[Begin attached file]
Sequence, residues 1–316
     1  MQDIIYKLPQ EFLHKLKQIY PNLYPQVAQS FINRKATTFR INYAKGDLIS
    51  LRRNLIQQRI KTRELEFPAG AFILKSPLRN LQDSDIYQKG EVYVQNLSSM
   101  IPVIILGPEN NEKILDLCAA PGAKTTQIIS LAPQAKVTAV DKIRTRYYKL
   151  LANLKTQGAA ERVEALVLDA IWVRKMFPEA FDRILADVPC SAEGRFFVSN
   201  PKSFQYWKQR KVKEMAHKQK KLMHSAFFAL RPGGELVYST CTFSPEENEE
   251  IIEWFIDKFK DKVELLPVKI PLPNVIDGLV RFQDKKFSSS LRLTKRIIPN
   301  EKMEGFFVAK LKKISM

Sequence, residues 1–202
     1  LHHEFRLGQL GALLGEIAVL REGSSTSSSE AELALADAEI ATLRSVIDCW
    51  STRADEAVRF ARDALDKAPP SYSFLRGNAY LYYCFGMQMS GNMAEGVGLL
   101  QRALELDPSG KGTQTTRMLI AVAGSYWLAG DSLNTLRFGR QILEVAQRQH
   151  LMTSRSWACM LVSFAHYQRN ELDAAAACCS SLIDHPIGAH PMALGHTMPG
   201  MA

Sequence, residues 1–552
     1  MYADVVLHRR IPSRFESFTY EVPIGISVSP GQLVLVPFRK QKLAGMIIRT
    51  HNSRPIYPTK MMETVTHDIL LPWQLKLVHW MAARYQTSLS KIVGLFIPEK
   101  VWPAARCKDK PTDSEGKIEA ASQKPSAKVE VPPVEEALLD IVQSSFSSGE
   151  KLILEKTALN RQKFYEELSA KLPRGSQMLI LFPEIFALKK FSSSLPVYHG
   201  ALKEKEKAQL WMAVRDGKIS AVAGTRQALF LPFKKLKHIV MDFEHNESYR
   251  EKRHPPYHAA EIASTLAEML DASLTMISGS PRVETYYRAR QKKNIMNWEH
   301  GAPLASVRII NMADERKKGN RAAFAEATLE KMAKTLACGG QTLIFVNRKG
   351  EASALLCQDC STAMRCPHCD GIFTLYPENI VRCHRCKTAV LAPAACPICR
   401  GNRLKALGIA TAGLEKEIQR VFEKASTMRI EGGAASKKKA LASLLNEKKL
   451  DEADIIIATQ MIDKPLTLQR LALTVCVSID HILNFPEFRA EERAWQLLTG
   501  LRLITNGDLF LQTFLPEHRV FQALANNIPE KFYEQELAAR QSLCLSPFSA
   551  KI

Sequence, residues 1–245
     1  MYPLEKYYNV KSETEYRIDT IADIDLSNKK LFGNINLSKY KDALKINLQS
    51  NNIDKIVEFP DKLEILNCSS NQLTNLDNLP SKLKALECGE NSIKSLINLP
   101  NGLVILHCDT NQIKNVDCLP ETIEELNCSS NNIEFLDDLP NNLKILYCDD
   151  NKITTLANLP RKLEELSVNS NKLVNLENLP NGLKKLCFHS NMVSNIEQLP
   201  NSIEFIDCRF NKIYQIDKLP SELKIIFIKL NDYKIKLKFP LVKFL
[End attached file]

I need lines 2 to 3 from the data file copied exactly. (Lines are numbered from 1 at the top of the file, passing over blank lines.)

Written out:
     1  MQDIIYKLPQ EFLHKLKQIY PNLYPQVAQS FINRKATTFR INYAKGDLIS
    51  LRRNLIQQRI KTRELEFPAG AFILKSPLRN LQDSDIYQKG EVYVQNLSSM